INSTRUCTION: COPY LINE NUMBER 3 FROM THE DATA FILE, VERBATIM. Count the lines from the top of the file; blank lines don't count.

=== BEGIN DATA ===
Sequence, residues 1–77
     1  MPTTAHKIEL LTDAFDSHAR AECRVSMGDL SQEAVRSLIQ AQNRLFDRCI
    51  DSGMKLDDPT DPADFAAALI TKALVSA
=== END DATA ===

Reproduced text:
    51  DSGMKLDDPT DPADFAAALI TKALVSA